What the 2019 Australian Open Men’s Final Means for the Rest of the Season

Uncertainty at the start of the year

First of all, the tennis community was everything but certain about the form of its No. 1 and No 2 players. Novak Djokovic had an amazing comeback year in 2018, winning Wimbledon and the US Open in dominant fashion. On American soil, he didn’t lose a set after the second round, while knocking out the likes of Gasquet, Nishikori and del Potro. Afterwards, he won his fourth Shanghai Masters 1000 without dropping a single service game. Unfortunately, his form seemed to deteriorate ever so slightly when the season got to its end. He lost both the Paris Masters and the Nitto ATP Finals in the final against Khachanov and Zverev, respectively. He had beaten them both easily since racing back to the top of his game at Wimbledon. These two matches led some fans to believe that Novak’s stellar comeback was over. In his first tournament of 2019, Novak seemed to confirm this prediction by losing in the semi-final of the Qatar Open against Bautista Agut. Up to that match, he had a 7-1 head to head against the Spaniard.

Nadal’s 2018 looked like Novak’s season in reverse. He started off the clay season by winning both the Monte Carlo Masters 1000 and the Barcelona tournament, absolutely crushing his opponents in his typical way. After a little hiccup in Madrid, he restarted his winning streak at the Rome Masters and Roland Garros. All these trophies had brought him back to the Number 1 ranking, where he stayed until November. But before he lost his top spot to Djokovic, something terribly worse happened. Nadal got injured (again) and had to drop out of his US Open semi-final against del Potro due to his right knee. He went into recovery, determined to get ready for the Australian Open of this year. But still some doubts remained, as is always the case with Rafa’s injuries.

They deliver, again

The doubts about our two champions were crushed into the ground by their performances in the early rounds of the Grand Slam of Asia. Novak had solid wins against Mitchell Krueger, Tsonga and Shapovalov. Nadal bested him by not losing a single set, a streak which he would continue all the way to the final. The two greats didn’t spend a lot of time on court. Although the Djoker had to fight his way through Daniil Medvedev, he got lucky with an early retiring Nishikori in the quarter-final. In the semis, we got a double matchup between an established champion and a young prodigy. There was little doubt who would win, but nobody could predict the manner in which it would happen. Nadal crushed poor Tsitsipas, 6-2 6-4 6-0, Novak outdid him by sending Lucas Pouille home in 6-0 6-2 6-2. The stage had been set for another great battle Down Under; you could practically hear the memories of their final in 2012.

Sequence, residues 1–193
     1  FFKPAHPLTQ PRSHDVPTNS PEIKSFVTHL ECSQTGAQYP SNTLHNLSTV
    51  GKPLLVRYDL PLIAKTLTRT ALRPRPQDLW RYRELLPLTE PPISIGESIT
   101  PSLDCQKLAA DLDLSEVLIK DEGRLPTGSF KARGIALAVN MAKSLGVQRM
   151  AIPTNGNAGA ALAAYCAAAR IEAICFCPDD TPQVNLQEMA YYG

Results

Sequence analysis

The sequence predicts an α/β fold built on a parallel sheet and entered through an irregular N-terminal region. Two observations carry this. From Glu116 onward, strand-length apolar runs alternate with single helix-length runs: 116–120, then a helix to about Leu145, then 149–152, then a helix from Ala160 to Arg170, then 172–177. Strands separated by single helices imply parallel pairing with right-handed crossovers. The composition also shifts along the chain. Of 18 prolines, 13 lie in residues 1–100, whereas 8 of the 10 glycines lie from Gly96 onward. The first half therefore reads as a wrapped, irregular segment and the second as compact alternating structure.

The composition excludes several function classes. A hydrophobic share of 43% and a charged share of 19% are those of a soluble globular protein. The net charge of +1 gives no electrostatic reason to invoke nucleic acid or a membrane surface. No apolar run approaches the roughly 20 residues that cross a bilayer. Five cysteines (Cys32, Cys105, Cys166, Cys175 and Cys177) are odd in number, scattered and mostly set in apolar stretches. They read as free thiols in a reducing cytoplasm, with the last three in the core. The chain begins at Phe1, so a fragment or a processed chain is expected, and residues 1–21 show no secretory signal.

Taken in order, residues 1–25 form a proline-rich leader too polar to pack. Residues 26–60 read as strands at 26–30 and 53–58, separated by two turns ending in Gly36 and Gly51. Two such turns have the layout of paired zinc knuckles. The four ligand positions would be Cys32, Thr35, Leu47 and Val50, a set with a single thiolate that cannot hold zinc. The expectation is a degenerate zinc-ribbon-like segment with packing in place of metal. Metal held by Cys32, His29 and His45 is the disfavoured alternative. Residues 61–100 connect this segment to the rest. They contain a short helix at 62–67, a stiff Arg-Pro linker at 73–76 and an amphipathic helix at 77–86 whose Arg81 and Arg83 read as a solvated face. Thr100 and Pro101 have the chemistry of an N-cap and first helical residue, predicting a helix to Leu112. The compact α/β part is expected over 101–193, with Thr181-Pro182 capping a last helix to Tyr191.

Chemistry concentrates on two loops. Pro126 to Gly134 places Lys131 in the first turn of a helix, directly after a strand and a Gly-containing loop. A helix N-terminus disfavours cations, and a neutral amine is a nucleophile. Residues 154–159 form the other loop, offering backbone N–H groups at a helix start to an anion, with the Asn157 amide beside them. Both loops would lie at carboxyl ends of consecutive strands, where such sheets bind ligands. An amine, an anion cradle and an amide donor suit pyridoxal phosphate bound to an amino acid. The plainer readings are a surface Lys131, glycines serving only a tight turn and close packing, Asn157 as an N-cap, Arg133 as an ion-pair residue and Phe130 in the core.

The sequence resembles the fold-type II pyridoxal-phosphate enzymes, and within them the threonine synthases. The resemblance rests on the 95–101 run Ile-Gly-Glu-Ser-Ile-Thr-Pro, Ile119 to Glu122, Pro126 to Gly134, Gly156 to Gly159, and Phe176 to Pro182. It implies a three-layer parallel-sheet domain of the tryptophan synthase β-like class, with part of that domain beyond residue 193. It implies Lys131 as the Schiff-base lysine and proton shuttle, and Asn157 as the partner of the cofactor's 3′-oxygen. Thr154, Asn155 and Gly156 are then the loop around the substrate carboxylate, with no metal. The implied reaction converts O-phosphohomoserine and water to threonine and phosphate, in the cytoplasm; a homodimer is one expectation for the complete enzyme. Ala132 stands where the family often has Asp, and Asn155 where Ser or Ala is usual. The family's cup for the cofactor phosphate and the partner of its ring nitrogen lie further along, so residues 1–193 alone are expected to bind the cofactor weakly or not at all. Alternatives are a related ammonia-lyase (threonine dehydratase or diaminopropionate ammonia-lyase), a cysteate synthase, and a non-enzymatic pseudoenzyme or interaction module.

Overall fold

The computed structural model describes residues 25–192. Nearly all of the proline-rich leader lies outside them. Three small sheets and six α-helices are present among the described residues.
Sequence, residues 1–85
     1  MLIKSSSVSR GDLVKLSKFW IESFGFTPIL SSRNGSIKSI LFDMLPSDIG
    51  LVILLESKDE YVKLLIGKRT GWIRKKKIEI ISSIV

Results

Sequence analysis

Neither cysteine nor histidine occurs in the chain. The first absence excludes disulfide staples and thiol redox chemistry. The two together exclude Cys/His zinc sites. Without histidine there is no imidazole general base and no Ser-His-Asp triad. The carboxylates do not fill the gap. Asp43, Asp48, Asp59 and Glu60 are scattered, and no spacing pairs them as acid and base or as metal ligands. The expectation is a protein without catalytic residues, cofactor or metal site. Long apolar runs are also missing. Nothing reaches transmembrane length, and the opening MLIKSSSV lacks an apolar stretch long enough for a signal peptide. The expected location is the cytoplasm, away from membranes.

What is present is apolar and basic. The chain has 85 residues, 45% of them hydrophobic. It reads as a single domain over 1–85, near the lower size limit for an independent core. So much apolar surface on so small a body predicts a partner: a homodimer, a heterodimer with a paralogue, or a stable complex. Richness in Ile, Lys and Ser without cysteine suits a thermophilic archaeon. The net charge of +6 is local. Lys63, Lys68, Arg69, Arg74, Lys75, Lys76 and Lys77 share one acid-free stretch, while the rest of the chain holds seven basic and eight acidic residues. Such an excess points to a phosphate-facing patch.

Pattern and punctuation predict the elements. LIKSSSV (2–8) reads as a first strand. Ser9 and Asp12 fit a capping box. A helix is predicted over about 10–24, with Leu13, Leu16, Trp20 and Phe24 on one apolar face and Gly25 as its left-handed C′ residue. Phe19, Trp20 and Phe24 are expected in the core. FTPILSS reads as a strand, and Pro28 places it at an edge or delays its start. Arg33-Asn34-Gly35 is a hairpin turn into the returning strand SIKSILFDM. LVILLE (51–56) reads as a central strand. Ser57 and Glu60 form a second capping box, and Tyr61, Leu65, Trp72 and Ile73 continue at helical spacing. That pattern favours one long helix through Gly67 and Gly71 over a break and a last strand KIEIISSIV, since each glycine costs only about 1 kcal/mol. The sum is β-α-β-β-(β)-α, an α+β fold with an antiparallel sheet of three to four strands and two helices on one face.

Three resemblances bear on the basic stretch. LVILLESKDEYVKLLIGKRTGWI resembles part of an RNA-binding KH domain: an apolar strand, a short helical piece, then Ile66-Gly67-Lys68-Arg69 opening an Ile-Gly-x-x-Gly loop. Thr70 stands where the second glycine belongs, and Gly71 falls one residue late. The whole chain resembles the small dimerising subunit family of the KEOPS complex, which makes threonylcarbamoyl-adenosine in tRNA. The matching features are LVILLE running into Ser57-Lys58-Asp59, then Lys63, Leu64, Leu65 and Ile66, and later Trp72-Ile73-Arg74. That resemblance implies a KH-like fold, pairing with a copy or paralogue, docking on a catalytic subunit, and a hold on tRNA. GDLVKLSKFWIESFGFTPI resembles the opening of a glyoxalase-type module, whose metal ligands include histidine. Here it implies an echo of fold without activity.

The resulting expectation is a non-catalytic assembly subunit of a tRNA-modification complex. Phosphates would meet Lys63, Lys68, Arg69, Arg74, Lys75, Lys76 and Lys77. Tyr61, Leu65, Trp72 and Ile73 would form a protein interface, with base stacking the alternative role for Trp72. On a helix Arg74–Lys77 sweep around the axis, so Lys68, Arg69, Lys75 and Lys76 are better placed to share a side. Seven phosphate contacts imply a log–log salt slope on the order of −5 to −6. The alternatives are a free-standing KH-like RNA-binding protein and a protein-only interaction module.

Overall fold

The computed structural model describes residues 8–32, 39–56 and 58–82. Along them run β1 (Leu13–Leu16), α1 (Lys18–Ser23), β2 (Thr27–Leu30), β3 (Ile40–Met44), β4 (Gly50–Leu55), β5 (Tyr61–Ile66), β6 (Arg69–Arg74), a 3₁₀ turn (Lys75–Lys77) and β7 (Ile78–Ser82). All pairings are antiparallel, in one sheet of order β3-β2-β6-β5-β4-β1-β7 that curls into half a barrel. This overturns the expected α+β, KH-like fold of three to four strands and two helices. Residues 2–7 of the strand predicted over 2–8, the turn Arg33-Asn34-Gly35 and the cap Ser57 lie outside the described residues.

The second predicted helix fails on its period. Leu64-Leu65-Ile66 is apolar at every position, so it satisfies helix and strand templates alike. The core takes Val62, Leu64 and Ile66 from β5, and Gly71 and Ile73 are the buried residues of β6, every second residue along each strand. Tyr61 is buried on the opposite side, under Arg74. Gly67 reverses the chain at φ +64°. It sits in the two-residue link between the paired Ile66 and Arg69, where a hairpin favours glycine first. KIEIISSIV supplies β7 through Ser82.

The final itself

But we wouldn’t get a nearly six-hour-long fight. We wouldn’t get five awesome and gruelling sets. We wouldn’t even see Nadal break Djokovic’s serve once. The final of the Australian Open 2019 became both anticlimactic and a strangely hypnotizing domination by the Serb.

Even a toddler could quickly notice something was off about Nadal’s performance. He won only one point in the first twelve, losing a service game after an impressive 67 consecutive holds. Meanwhile, Djokovic raced on, losing only one point on serve in the first set. After a measly 36 minutes, the harsh reality of the scoreboard read 6-3.

Rafa seemed to have motivated himself again at the start of the second set, and the roar from the crowd when he held his first two service games was telling: maybe we’ll get a battle after all. The Spaniard was hitting a lot of his signature topspin forehands down the line to avoid Novak’s impeccable backhand, and it worked…at least for a while. Because after a lob by Nadal that was a few millimetres long, Djokovic was up a break. And he would make it a dry 6-2. Returning Nadal’s redesigned serve that ripped through opponents so easily in the previous rounds, back to his feet in an instant. Stepping into the court to take the balls early, finding the lines on nearly every single shot. This was classic 2011 Djokovic—maybe even better.